Key to the implementation of a PSH model is a strong pain medicine program, with an emphasis on providing high value acute pain management while patients are in the hospital and coordination with primary care providers and chronic pain medicine specialists during preoperative preparation and postoperative rehabilitation and recovery. At the VA Palo Alto, our anesthesiologists and pain medicine specialists have successfully initiated new coordinated pain medicine programs within the PSH model, including a multidisciplinary spine pain clinic, a women’s health and pain management clinic, and a multi-specialty orthopedic joint arthroplasty program.

CPA: How have you been impacted by the Affordable Care Act?

ERA: For many reasons, the federal government is working to curb health care expenditures, but many of the processes currently attributed to the Affordable Care Act have been in the works for a long time. As an example, the Medicare Modernization Act of 2003 introduced the Inpatient Prospective Payment System; this system encouraged participating hospitals to voluntarily report performance data to avoid payment reductions. The Deficit Reduction Act of 2005 went further by mandating the development of what we now know as pay-for-performance or value-based purchasing (used interchangeably).Value-based purchasing in health care is supposed to reward better value, patient outcomes, and innovations – instead of just volume of services. It is funded by participating institutions based on withholding a set percentage (1.25% currently) of their estimated annual Diagnosis-Related Group (DRG) payments from Center for Medicare and Medicaid Services (CMS). The percentage is increasing every year and will be 2% by 2017.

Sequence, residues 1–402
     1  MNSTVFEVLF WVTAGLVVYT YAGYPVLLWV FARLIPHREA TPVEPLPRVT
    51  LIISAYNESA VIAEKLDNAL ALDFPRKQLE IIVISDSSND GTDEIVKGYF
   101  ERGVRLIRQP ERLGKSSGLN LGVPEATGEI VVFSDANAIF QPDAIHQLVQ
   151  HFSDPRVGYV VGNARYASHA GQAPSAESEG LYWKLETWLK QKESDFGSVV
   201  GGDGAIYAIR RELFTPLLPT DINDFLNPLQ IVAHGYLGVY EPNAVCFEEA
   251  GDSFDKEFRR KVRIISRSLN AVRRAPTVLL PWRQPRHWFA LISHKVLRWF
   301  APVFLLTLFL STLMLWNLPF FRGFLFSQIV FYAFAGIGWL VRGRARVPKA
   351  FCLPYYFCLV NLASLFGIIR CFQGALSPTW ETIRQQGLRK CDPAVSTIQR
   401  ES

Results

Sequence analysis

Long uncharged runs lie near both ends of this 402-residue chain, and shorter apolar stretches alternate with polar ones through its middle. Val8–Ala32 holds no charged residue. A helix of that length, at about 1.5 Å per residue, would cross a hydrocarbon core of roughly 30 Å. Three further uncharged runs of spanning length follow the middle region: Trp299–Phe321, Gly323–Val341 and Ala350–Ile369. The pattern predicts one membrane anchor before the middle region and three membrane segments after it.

For FY2014, the elements of value-based purchasing have been updated to include the Clinical Process of Care Domain, Patient Experience of Care Domain, and a new Outcomes Domain. The amount that each of these domains contributes to the eventual DRG payment return at the end of the year is 45%, 30%, and 25%, respectively. Scores in each domain are calculated based on an institution’s improvement compared to its own historical performance and a comparison against national benchmarks.